Discussion:  Dynamic Geometry Exploration: Properties of the Midsegment of a Trapezoid tool 
Topic:  Midsegment of a rectangle? 
Related Item:  http://mathforum.org/mathtools/tool/15621/ 
Post a new topic to the Dynamic Geometry Exploration: Properties of the Midsegment of a Trapezoid tool Discussion discussion 

Subject:  RE: Midsegment of a rectangle? 
Author:  Mathman 
Date:  Dec 10 2004 
> The first proof I thought of was based on analytic geometry  giving
> names to the coordinates of the corners and algebraically converting
> the average length condition to deduce the equality of slopes. Even
> with some simplification by scaling (or equivalently using vector
> language with basis vectors along two edges) this was still rather
> messy.
But David's triangle decomposition leads to a much
> simpler proof as follows:
Let the top and bottom edges be t and b
> and the left and right sides be l and r and let the diagonal from tl
> to br be d. Let L be the midpoint of l, and so on. Then the given
> condition is that LR=(t+b)/2 and we want to show that this forces
> tb.
But, as David pointed out earlier, LDb with LD=b/2.
> Similarly, DRt with DR=t/2.
Sorry, but my suggestion was in reference to my previous assumption on what you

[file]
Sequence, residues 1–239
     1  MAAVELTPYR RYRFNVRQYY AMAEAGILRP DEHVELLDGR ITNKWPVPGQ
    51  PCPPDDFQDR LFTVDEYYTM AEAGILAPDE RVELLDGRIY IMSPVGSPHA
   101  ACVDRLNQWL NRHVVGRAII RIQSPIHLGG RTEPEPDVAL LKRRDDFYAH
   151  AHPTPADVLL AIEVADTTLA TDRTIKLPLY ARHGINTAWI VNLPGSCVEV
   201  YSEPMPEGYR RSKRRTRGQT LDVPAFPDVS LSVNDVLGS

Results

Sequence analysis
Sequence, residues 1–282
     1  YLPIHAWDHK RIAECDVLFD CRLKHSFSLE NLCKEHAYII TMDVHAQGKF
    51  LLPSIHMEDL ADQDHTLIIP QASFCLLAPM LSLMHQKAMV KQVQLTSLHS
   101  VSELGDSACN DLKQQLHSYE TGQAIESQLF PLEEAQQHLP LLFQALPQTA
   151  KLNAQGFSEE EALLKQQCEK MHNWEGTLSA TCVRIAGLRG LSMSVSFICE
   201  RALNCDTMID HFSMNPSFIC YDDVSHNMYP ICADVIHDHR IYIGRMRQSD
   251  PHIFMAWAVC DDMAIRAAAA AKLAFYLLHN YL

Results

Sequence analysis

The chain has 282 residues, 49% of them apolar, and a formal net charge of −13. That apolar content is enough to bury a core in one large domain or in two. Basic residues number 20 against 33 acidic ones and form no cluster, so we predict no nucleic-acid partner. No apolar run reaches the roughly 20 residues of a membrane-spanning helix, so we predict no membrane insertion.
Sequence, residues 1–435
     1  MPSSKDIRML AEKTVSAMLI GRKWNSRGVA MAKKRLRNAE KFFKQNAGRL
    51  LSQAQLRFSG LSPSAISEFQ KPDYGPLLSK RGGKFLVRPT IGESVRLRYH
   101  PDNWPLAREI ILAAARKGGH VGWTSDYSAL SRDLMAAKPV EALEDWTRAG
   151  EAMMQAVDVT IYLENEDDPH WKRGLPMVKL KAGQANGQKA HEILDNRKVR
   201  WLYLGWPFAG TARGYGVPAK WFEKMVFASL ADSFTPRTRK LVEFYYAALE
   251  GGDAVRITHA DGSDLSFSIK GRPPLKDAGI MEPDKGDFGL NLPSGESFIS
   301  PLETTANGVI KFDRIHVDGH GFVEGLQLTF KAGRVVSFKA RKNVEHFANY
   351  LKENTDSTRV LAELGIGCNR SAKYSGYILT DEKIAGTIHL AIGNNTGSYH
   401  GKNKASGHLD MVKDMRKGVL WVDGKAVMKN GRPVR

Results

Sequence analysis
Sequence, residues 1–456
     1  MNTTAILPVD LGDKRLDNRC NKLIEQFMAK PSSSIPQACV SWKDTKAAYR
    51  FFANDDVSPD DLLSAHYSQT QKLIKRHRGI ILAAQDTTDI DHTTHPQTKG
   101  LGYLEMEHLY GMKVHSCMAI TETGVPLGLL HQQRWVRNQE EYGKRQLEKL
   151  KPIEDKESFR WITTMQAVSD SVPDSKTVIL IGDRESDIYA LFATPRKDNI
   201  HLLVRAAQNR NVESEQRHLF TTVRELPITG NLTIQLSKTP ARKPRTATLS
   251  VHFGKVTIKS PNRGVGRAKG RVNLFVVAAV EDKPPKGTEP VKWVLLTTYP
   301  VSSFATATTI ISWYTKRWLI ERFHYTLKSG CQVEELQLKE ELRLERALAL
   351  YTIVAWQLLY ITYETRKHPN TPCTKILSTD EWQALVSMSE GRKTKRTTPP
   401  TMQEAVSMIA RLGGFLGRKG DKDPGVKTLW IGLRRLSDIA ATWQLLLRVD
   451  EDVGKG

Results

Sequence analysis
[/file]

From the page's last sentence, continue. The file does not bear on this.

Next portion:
had meant. In this case, it does not hold so far as I can see form what
follows. For, all that we know are lengths. We do not know (yet) that LDb
for example. If it is, then, yes, the rest follows. It is only on this
assumption that the rest follows, and it is assumed here, not proven. Again,
since all that we know are lengths, we need to find either similarity form equal
ratio of sufficient sides [all three at once!] in order to establish that the
triangles are similar. Then, and only then do we know that angles are equal
from that similarity. Then it follows that lines are parallel. That is the
dilemma I was referring to earlier.
Consider: You have a quadrilateral, yet to be determined as a trapezoid. The
initial information is that you have a line joining the two sides, so you have
distances as in your diagram of l/2, l/2, and r/2, r/2 that may be indicated.
You have the distance across the divider (t+b)/2, having been given a top of "t"
and bottom of "b". That is ALL that is known. Parallelism has to be
established from that, not assumed. You would need to show, for example, that
the diagonal is divided in two to yeild a parallel portion of the divider, or
establish [not assume] that the divider is parallel and then divides the
diagonal in two. Both can not be assumed simultaneously. As I said, a pretty
problem, which is still how to show that the divider [or part of it] is parallel
from the dimensions given.
In other words, it remains as much of the problem to show initially that the
divider is parallel to one of the top or bottom lines as it is to show that the
top and bottom are parallel.
David.
 
Post a new topic to the Dynamic Geometry Exploration: Properties of the Midsegment of a Trapezoid tool Discussion discussion